Boise River Boating Report

Flows have fluctuated on the lower Boise River this spring, but as the river begins its final downward dance, many people are thinking about getting on the river in their canoes, kayaks and rafts.  Rivers are dynamic natural systems that are always changing.  The lower Boise River is no exception, and the recent weeks of flows above 6,000 cubic feet per second (cfs) and heavy rains and winds, have undoubtedly brought down trees.  You should always expect the unexpected and exercise good judgement when you boat the lower Boise River. And with that caveat, we’re happy to share this report from BREN member Scott Ross who scored an early season trip. You can also learn a lot from the Boise River Guide and Google Earth Tour. Safe boating!

diversion

The Little Dry Creek diversion in 2012

Scott’s Boating Report

Ran the North Channel on Apr 26 @ 2100 CFS and again on May 2 @1250 CFS. Put in at Willow Lane and took out at Linder Road. The Little Dry Creek diversion dam below Glenwood bridge was unrunnable (as usual) and the portage trail on the left just above the dam is choked with debris, making the portage more difficult than in the past. The gravel push-up done last year to divert more flow into the North Channel has washed out, but still the flow into the North Channel is significant and generally provided enough depth on these trips to avoid bottom-dragging.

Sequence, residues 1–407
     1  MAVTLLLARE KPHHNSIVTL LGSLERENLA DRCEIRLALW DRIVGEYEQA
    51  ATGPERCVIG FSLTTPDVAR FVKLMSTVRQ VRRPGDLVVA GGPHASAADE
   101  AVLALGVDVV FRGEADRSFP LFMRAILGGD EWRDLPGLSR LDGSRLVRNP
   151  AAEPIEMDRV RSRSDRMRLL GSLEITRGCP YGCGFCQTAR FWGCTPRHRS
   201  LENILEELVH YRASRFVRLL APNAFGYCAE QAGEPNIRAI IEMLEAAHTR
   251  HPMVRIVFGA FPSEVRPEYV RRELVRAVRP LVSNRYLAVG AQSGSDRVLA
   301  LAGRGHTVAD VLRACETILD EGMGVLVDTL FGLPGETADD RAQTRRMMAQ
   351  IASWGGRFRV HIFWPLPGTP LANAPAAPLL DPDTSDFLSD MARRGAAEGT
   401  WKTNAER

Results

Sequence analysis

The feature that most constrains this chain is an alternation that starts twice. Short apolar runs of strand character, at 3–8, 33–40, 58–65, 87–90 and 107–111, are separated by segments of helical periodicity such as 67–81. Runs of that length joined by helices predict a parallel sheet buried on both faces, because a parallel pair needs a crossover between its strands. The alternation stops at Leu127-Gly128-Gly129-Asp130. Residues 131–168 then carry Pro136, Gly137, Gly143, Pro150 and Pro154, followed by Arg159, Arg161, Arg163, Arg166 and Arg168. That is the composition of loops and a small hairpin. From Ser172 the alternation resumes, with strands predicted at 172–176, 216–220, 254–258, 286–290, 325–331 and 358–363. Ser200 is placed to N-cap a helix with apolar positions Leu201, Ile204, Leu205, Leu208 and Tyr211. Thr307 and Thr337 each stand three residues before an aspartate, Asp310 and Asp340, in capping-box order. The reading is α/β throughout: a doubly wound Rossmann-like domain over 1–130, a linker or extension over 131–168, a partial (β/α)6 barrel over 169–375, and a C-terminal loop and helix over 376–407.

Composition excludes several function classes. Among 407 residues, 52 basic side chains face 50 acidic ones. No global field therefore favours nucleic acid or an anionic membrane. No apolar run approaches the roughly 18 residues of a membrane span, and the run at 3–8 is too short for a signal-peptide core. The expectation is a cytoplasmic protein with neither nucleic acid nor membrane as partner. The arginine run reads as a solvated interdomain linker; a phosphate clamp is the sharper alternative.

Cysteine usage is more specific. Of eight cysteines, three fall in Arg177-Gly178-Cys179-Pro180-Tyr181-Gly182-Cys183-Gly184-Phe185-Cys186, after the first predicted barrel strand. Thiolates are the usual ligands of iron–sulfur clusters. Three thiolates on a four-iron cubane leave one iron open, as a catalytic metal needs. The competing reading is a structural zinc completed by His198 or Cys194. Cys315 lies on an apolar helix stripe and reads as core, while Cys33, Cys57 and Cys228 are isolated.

At this time the channel is generally clear — with two exceptions: 1) A downed tree blocks most but not all of the channel upstream from the pedestrian bridge near Reid Merrill Park. Easy portage or paddle around the tree on river left. 2) The North Channel splits near the Eagle Sewer District wastewater plant and taking the right channel appears to be the best option because it has more flow. However, that channel is completely blocked by a downed tree, forming a dangerous sweeper several hundred yards downstream and requiring a difficult portage. Avoid this channel and instead take the left channel, which has low flow, brushy banks, and tight turns near the split but quickly opens up to a nice, clear channel.

On both trips the flow was high enough to paddle right over the Middleton Irrigation District diversion dam just below the Eagle Island Parkway bridge — no portage necessary!

river float